According to researchers from Columbia University in Manhattan, some people are developing multiple instances of the Wuhan coronavirus (COVID-19) which, if true, means that immunity to the virus is only temporary at best.
Beginning in the fall of 2016 and continuing on into 2018, scientists from the school began collecting nasal swabs from 191 children, teachers and emergency workers. Participants were asked to record every time they sneezed or had sore throats in order for those running the study to be able to create a map tracking common respiratory viruses and their symptoms, as well as how long people who recovered stayed immune to each one.
Four different coronaviruses, including HKU1, NL63, OC42, and C229E, were all included because these are common coronaviruses that circulate every year. You read that correctly: Coronaviruses are nothing new in society, and many people have them, often without even knowing it.
The new Wuhan coronavirus (COVID-19), or SARS-CoV-2, is said to be in the same family as these other coronaviruses, which would explain why most people develop only mild symptoms, or no symptoms at all. But some are reportedly developing much more serious symptoms and are even dying, which is prompting questions about how this novel virus behaves.
Based on a preliminary report of this earlier study at Columbia, it appears as though the Wuhan coronavirus (COVID-19) can re-infect the same person multiple times in the same year – and sometimes even more than once. If this is the case, then it may not be possible to develop true immunity to it, which means any attempt to create a vaccine is futile.
"Over a year and a half, a dozen of the volunteers tested positive two or three times for the same virus, in one case with just four weeks between positive results," reports Technology Review.
Listen below to The Health Ranger Report as Mike Adams, the Health Ranger, talks more about the Wuhan coronavirus (COVID-19) death rate:
Keep in mind that this analysis was conducted based on other coronavirus strains, seeing as how the Wuhan coronavirus (COVID-19) was not yet on people's radars. The assumption is that all coronavirus strains behave similarly and have the ability to re-infect people over and over again.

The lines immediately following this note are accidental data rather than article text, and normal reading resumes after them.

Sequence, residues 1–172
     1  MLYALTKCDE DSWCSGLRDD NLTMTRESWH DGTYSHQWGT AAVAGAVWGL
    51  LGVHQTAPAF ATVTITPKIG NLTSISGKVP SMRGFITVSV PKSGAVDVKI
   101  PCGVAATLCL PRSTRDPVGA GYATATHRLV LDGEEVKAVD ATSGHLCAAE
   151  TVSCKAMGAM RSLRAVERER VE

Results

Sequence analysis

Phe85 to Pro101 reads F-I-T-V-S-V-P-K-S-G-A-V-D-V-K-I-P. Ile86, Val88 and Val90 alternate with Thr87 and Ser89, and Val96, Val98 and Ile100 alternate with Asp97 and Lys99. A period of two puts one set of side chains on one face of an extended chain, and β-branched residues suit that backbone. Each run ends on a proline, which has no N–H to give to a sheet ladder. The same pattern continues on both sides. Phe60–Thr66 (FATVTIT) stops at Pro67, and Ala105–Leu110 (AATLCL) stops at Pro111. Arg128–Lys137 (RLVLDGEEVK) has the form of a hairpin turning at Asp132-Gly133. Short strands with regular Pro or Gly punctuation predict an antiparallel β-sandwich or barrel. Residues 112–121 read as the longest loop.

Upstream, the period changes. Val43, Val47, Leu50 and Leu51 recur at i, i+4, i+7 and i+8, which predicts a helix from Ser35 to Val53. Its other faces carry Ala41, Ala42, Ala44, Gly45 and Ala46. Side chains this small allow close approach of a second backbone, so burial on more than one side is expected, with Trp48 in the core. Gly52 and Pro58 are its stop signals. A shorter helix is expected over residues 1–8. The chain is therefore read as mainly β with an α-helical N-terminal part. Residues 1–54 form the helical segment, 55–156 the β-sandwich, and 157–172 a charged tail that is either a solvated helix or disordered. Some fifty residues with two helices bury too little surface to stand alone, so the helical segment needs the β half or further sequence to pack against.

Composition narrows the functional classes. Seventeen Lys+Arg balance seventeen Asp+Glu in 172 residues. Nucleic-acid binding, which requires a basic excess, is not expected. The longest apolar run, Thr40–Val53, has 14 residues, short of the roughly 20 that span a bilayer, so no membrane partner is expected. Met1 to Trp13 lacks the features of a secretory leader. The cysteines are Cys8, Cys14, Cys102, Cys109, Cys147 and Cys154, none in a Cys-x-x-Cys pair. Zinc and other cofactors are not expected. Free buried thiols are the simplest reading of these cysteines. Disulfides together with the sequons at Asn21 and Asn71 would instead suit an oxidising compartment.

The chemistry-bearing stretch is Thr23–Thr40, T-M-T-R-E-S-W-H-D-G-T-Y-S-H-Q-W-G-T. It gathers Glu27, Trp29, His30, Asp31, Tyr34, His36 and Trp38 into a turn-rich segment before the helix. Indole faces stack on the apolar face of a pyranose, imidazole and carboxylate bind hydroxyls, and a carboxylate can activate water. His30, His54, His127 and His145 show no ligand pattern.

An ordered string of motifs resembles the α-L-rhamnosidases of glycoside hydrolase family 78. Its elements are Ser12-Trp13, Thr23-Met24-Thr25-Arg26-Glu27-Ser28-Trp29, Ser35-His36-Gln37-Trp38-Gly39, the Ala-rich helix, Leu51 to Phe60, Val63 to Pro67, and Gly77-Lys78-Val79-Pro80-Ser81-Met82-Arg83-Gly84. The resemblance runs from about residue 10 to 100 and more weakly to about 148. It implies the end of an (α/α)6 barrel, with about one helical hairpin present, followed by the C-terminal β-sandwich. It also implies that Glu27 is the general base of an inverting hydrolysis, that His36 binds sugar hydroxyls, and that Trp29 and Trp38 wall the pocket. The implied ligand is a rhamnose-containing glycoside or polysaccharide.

With that said, the researchers concluded that coronaviruses do not follow the same pattern as chicken pox or measles, both of which provide permanent immunity after a person becomes naturally infected. For coronaviruses, in other words "immunity seems to wane quickly," to quote the words of Jeffrey Shaman, who along with Marta Galanti conducted the study.
While, again, these results do not necessarily apply to the Wuhan coronavirus (COVID-19), the researchers are emphasizing it in light of growing commentary that society has gotten "past the peak" of infection. This could be true or it could not be true, and caution may be necessary.
"What I have been telling everyone – and no one believes me, but it's true – is we get coronaviruses every winter even though we're seroconverted," contends Matthew Frieman, a virus researcher at the University of Maryland. "We really don't understand whether it is a change in the virus over time or antibodies that don't protect from infection."
At the end of the day, immunity is what truly counts, rather than social distancing, masks and other societal measures. Determining how immunity to the Wuhan coronavirus (COVID-19) works and how easy it is to obtain will be the next steps in overcoming this crisis.
To keep up with the latest news about the Wuhan coronavirus (COVID-19), be sure to check out Pandemic.news.
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